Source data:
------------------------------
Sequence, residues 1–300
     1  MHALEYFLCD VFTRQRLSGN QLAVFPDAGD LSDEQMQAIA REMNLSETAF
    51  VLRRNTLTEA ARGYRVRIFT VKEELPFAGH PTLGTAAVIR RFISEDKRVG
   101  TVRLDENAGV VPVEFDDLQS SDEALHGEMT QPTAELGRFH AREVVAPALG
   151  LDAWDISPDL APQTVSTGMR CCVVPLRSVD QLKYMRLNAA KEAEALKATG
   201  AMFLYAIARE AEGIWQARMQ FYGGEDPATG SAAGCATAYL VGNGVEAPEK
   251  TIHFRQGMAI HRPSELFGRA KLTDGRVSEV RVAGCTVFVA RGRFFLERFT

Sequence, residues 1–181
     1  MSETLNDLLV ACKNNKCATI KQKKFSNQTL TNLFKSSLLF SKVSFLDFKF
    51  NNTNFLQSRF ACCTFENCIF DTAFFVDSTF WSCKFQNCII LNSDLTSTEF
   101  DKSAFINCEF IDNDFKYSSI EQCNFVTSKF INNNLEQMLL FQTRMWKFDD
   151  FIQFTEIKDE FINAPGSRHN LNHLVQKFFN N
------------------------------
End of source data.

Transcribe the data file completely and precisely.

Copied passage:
Sequence, residues 1–300
     1  MHALEYFLCD VFTRQRLSGN QLAVFPDAGD LSDEQMQAIA REMNLSETAF
    51  VLRRNTLTEA ARGYRVRIFT VKEELPFAGH PTLGTAAVIR RFISEDKRVG
   101  TVRLDENAGV VPVEFDDLQS SDEALHGEMT QPTAELGRFH AREVVAPALG
   151  LDAWDISPDL APQTVSTGMR CCVVPLRSVD QLKYMRLNAA KEAEALKATG
   201  AMFLYAIARE AEGIWQARMQ FYGGEDPATG SAAGCATAYL VGNGVEAPEK
   251  TIHFRQGMAI HRPSELFGRA KLTDGRVSEV RVAGCTVFVA RGRFFLERFT

Sequence, residues 1–181
     1  MSETLNDLLV ACKNNKCATI KQKKFSNQTL TNLFKSSLLF SKVSFLDFKF
    51  NNTNFLQSRF ACCTFENCIF DTAFFVDSTF WSCKFQNCII LNSDLTSTEF
   101  DKSAFINCEF IDNDFKYSSI EQCNFVTSKF INNNLEQMLL FQTRMWKFDD
   151  FIQFTEIKDE FINAPGSRHN LNHLVQKFFN N